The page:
Flame retardants that were banned 40 years ago from children’s clothing are still being used to make furniture today.
Recent research conducted at Oregon State University’s College of Agricultural Sciences looked at flame retardant chemicals commonly found in furniture to determine if there may be a correlation between exposure to these chemicals and feline hyperthyroidism.
For seven days, 78 cats had one-of-a-kind tags dangling from their collars, absorbing any chemicals the cats encountered. Analyzing the tags for chemical exposure promised insight into potential causes of the illness.
Feline Hyperthyroidism has reached epidemic proportions. The number of cats diagnosed with it in 1980 was 1 in 200. Today, it’s estimated that 1 in 10 cats are afflicted. No one knows why, but a recent study by Oregon State University indicated feline hyperthyroidism may be explained by exposure to a chemical contained in flame retardants commonly found in furniture.
The disease almost always afflicts older cats – 10 years and older – and can be difficult and expensive to treat. In sick cats, you’ll see weight loss despite an increased appetite, as well as nervousness, increased activity, rapid and pounding heartbeat, increased thirst, matted fur, and shedding.
After the tags were collected, owners filled out a questionnaire. The tags then went through a process to extract the chemicals by soaking them in a solvent.
The feline passive samplers – similar to a rabies tag – are produced out of the same material used in the silicone wrist bands invented in the lab of Kim Anderson, an environmental chemist in the OSU College of Agricultural Sciences. She originally developed the material to measure chemical exposure in humans—largely in response to environmental concerns surrounding Hurricane Harvey, which ravaged our nation’s petrochemical hub in 2017 and released toxins from chemical plants, refineries, and Superfund sites.
“The tags are porous and chemically very similar to human cells,” Anderson said. “Molecules of contaminants embed themselves in the silicone in the same way they’d go into the cells in your body. The silicone is a pretty good mimic of how our skin absorbs different types of chemicals – what we call passive sampling.”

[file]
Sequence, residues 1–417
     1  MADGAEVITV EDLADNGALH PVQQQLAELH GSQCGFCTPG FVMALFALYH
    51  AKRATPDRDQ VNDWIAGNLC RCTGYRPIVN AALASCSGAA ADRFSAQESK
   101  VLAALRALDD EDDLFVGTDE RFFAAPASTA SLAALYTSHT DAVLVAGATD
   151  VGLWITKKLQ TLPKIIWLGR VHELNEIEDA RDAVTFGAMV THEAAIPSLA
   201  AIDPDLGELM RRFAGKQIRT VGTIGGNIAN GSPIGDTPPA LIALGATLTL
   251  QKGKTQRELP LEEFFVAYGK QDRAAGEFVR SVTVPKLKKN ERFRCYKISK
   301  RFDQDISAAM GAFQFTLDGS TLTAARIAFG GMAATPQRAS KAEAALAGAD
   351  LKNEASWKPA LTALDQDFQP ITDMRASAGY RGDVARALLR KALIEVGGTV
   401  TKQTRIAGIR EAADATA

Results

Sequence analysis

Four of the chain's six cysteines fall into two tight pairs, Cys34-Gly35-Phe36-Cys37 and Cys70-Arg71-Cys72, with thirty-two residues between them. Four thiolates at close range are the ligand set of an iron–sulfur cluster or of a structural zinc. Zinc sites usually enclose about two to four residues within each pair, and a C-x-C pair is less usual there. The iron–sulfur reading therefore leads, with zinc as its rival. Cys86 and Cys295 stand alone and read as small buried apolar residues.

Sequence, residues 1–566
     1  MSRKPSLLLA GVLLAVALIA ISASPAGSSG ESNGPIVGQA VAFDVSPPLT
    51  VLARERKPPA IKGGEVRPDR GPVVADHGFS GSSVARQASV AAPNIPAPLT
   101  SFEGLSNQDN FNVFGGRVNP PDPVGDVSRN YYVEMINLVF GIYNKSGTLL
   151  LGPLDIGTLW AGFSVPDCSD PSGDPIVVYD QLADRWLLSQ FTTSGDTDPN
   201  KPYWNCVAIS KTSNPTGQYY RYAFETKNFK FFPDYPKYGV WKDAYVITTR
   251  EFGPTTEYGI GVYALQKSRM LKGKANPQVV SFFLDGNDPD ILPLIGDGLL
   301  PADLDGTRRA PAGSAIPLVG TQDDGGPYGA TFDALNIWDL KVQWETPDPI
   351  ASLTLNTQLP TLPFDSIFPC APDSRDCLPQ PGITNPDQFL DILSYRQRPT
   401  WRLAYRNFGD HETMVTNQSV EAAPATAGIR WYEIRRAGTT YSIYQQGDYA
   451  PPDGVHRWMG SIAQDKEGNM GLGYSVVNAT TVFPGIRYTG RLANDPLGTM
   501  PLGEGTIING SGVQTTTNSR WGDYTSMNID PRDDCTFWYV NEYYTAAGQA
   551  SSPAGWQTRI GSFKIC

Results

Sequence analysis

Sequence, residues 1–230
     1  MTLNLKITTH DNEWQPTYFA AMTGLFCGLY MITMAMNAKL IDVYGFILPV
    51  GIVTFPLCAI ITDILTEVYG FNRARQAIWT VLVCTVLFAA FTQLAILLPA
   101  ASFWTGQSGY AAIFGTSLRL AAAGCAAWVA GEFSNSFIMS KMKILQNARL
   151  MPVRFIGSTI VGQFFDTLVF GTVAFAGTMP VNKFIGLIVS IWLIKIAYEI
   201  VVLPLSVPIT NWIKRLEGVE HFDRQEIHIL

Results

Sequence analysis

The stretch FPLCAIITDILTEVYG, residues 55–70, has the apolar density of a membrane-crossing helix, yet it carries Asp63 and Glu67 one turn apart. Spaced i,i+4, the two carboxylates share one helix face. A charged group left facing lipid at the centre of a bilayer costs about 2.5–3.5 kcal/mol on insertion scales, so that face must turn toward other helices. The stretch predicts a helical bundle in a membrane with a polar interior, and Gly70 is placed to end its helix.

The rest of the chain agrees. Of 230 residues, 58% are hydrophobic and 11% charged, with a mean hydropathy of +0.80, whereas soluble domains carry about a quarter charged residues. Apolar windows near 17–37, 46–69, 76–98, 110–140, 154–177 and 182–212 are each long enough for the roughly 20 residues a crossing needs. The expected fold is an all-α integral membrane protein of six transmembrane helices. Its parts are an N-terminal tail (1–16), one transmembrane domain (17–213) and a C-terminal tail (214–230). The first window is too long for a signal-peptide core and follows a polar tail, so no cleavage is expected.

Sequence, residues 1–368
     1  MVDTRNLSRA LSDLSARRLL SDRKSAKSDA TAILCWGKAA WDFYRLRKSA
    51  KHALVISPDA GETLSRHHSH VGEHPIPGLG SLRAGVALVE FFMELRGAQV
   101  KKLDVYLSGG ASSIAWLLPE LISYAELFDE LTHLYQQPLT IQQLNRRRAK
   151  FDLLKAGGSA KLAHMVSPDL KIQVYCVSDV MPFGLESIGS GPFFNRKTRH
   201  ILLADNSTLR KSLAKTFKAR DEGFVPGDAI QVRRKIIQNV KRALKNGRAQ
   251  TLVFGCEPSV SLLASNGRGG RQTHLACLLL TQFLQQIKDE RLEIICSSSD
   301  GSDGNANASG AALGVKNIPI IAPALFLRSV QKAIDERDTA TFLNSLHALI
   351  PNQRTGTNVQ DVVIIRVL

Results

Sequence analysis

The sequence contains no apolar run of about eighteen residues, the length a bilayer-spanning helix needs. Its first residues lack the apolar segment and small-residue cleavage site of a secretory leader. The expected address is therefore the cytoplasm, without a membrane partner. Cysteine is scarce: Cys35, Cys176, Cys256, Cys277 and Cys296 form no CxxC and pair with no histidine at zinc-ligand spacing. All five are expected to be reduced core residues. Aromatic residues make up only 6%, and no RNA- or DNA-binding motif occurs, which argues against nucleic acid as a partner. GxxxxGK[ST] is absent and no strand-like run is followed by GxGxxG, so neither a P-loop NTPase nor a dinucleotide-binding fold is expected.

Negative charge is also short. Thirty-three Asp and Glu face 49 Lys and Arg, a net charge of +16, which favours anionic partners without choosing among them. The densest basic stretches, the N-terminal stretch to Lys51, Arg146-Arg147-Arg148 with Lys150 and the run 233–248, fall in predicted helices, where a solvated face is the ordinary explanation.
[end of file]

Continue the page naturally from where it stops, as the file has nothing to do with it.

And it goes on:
The research on hyperthyroidism, led by Carolyn Poutasse, a doctoral student in Anderson’s lab, found over 20 individual flame retardants in at least one tag. But only levels of tris (1,3-dichloro-2-isopropyl) phosphate, or TDCIPP, a flame retardant once found in children’s sleepwear and discontinued for that use in the late 1970s, differed between tags worn by hyperthyroid and non-hyperthyroid cats. TDCIPP is still commonly applied to the foam in upholstered furniture, some plastics and some gel air fresheners.
Even in healthy cats, higher chemical levels correlated with higher thyroid hormone levels.
“The way a cat is diagnosed with feline hyperthyroidism is by extremely elevated concentrations of thyroid hormones,” Anderson said. “Seeing the correlation is suggestive of a connection between thyroid function and exposure to TDCIPP.”
Two cats in the same household can absorb different levels of the flame retardant, Poutasse said, because one cat may spend more time on furniture and the other on windowsills or other areas without flame retardant. Covering furniture to provide a barrier and reducing air freshener use may help lower a cat’s exposure.
The findings have led researchers to think about hyperthyroidism in humans. Even at the cellular level the benign tumor associated with feline hyperthyroidism is identical in cats and humans. Extrapolating from that, hyperthyroid cats could be sentinels for humans, warning of a possible link between flame retardants and human hyperthyroidism.
“Of course, that begs the question, if we follow these cats for five years, would those cats on the higher end of normal thyroid hormone levels continue to progress to have higher and higher levels assuming their exposure to TDCIPP continues to be elevated?” Anderson said. “That would be the natural question if cats end up with hyperthyroidism.”
The amount of the chemical in use in the U.S. continues to rise, Poutasse noted. In 1997, demand for the flame retardant was 450 tons and in 2006 it was 22,700 tons, according to a review in 2012. Scientists are beginning to look not only at the organophosphates in flame retardants, but also the derivatives. Anderson and Poutasse plan to continue evaluation of over 1,500 chemicals not measured in the current study.
“When you look at the environment, you’re immediately struck by: ‘Well, this wasn’t diagnosed in the ‘60s and ‘70s and now it’s 1 in 10,’” said Anderson. “What chemicals came on the market in that time period? One of the biggest ones is flame retardants.”
The study was a partnership between OSU’s Food Safety and Environmental Stewardship Program, the OSU Carlson College of Veterinary Medicine, Columbia University, the New York Cat Hospital and Dr. Mark E. Peterson of the Animal Endocrine Clinic in New York City, the first veterinarian to document feline hyperthyroidism.
By Kym Pokorny